Decision Tree Analysis is an analytic method used to quantitatively measure the possible outcomes as well as the probabilities to predict courses of action. The method uses a finite set of variables applied to nodes based on probability. While relatively easy to communicate results, using the method as a predictive tool could be problematic because each node forces a choice between a finite number of options.
- The process of creating a decision tree gives the user insight on the value of information.
- The technique allows for visually presenting the process and different outcomes of the problem.
- Can have various applications.
- Can be relatively simple to create.
- Can be internally or externally focused.
- Relatively easy to communicate findings.
- Can be descriptive or estimative.
- The technique is limited to using a finite set of variables.
- Can potentially lead to multiple outcomes.
- Multiple risks are hard to assess at the same time as it is a linear process.
- The use of a decision tree relies on the decisionmaker adhering to it.
- Event nodes require an evaluation of outcome estimates, which may force quantification of qualitative estimates.
- Tree may expand rapidly due to the possibilities from just a small number of variables.
- Establish the actors.
- Establish the possible events, and their sequence of importance (based on an evaluation of the actors’ goals and motivations).
- Order the events into the nodes and branches of the decision tree. Every node should have branches leading to it and possible choices following it.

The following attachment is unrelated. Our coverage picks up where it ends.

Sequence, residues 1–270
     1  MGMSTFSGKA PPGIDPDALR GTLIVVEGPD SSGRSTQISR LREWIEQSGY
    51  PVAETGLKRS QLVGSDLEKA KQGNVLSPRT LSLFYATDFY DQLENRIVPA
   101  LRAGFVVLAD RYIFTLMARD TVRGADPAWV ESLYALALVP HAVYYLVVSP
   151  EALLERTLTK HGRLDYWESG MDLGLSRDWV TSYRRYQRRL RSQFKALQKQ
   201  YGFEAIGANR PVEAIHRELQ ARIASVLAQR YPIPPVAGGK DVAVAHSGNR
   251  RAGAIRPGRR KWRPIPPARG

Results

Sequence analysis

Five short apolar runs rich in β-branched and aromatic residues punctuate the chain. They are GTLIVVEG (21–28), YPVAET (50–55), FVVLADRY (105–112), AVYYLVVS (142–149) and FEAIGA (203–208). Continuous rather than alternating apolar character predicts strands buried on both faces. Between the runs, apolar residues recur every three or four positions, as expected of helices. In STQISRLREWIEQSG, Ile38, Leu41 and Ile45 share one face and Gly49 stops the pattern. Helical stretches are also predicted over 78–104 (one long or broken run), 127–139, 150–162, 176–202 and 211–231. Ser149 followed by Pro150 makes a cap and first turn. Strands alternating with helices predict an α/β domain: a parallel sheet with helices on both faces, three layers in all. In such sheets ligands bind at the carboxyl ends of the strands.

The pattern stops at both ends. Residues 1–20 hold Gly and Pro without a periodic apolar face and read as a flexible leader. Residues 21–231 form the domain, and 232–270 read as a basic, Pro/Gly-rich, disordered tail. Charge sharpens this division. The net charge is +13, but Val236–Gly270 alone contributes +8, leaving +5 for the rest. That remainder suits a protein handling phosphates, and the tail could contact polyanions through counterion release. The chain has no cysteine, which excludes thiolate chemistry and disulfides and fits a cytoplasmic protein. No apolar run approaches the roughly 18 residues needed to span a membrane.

- Assign probabilities to possible courses of actions.
- Evaluate the probability of each possible event occurring based on assigned values and position on the decision tree.
Personal Application of Technique:
The class was broken into three groups to create a decision tree based on the given situation:
“Imagine you only ever do four things on Saturday: go shopping, watch a movie, play tennis or just stay in. What you do depends on three things: how much money you have (rich or poor), the weather (windy, rainy or sunny), and whether or not your parents are visiting.” Our group created a decision tree with each criteria as independent variables allowing for probability of the choice, whereas the other groups built each decision based on answers to previous. The general outcome of our analysis was to stay in because there was an 80% chance of bad weather and a 70% chance that parents will not visit.
Rating: 3 out of 5